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Formation of a pathogen vacuole according to Legionella pneumophila: how to kill one bird with many stones


Finsel, Ivo; Hilbi, Hubert (2015). Formation of a pathogen vacuole according to Legionella pneumophila: how to kill one bird with many stones. Cellular Microbiology, 17(7):935-950.

Abstract

Legionella species are ubiquitous, waterborne bacteria that thrive in numerous ecological niches. Yet, in contrast to many other environmental bacteria, Legionella spp. are also able to grow intracellularly in predatory protozoa. This feature mainly accounts for the pathogenicity of Legionella pneumophila, which causes the majority of clinical cases of a severe pneumonia termed Legionnaires' disease. The pathomechanism underlying L. pneumophila infection is based on macrophage resistance, which in turn is largely defined by the opportunistic pathogen's resistance towards amoebae. L. pneumophila replicates in macrophages or amoebae in a unique membrane-bound compartment, the Legionella-containing vacuole (LCV). LCV formation requires the bacterial intracellular multiplication/defective for organelle trafficking (Icm/Dot) type IV secretion system and involves a plethora of translocated effector proteins, which subvert pivotal processes in the host cell. Of the ca. 300 different experimentally validated Icm/Dot substrates, about 50 have been studied and attributed a cellular function to date. The versatility and ingenuity of these effectors' mode of actions is striking. In this review, we summarize insight into the cellular functions and biochemical activities of well-characterized L. pneumophila effector proteins and the host pathways they target. Recent studies not only substantially increased our knowledge about pathogen-host interactions, but also shed light on novel biological mechanisms.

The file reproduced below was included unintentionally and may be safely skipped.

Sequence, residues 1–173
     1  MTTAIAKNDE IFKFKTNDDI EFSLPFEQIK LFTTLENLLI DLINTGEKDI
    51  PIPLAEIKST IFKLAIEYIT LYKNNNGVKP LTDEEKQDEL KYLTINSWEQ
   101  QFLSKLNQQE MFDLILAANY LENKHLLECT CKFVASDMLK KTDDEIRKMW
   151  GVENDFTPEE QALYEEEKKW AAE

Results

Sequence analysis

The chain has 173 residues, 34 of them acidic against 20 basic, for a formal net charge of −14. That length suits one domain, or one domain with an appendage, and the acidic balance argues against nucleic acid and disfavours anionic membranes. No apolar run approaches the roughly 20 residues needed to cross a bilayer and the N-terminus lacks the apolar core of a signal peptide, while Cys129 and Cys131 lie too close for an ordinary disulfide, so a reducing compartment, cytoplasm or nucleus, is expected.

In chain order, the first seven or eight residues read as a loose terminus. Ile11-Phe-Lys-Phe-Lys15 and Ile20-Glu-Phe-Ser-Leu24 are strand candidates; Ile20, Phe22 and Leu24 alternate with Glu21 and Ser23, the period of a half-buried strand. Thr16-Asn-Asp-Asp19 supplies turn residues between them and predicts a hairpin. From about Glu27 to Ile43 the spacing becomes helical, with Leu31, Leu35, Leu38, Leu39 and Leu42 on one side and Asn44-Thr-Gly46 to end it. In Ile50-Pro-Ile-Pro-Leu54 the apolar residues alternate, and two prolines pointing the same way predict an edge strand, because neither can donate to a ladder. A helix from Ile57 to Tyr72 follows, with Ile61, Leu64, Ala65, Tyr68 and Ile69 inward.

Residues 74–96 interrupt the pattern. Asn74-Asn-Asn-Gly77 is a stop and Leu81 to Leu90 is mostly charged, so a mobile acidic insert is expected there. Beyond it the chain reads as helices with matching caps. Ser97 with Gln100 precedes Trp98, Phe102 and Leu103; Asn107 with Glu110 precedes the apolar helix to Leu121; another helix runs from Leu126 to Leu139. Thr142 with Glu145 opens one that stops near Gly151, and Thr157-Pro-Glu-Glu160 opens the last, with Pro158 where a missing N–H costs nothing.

Abstract

Legionella species are ubiquitous, waterborne bacteria that thrive in numerous ecological niches. Yet, in contrast to many other environmental bacteria, Legionella spp. are also able to grow intracellularly in predatory protozoa. This feature mainly accounts for the pathogenicity of Legionella pneumophila, which causes the majority of clinical cases of a severe pneumonia termed Legionnaires' disease. The pathomechanism underlying L. pneumophila infection is based on macrophage resistance, which in turn is largely defined by the opportunistic pathogen's resistance towards amoebae. L. pneumophila replicates in macrophages or amoebae in a unique membrane-bound compartment, the Legionella-containing vacuole (LCV). LCV formation requires the bacterial intracellular multiplication/defective for organelle trafficking (Icm/Dot) type IV secretion system and involves a plethora of translocated effector proteins, which subvert pivotal processes in the host cell. Of the ca. 300 different experimentally validated Icm/Dot substrates, about 50 have been studied and attributed a cellular function to date. The versatility and ingenuity of these effectors' mode of actions is striking. In this review, we summarize insight into the cellular functions and biochemical activities of well-characterized L. pneumophila effector proteins and the host pathways they target. Recent studies not only substantially increased our knowledge about pathogen-host interactions, but also shed light on novel biological mechanisms.

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33 citations in Web of Science®
31 citations in Scopus®
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Additional indexing

Item Type:Journal Article, refereed, original work
Communities & Collections:04 Faculty of Medicine > Institute of Medical Microbiology
Dewey Decimal Classification:570 Life sciences; biology
610 Medicine & health
Language:English
Date:22 April 2015
Deposited On:19 Jun 2015 13:06
Last Modified:05 Apr 2016 19:16
Publisher:Wiley-Blackwell Publishing, Inc.
ISSN:1462-5814
Publisher DOI:https://doi.org/10.1111/cmi.12450
PubMed ID:25903720

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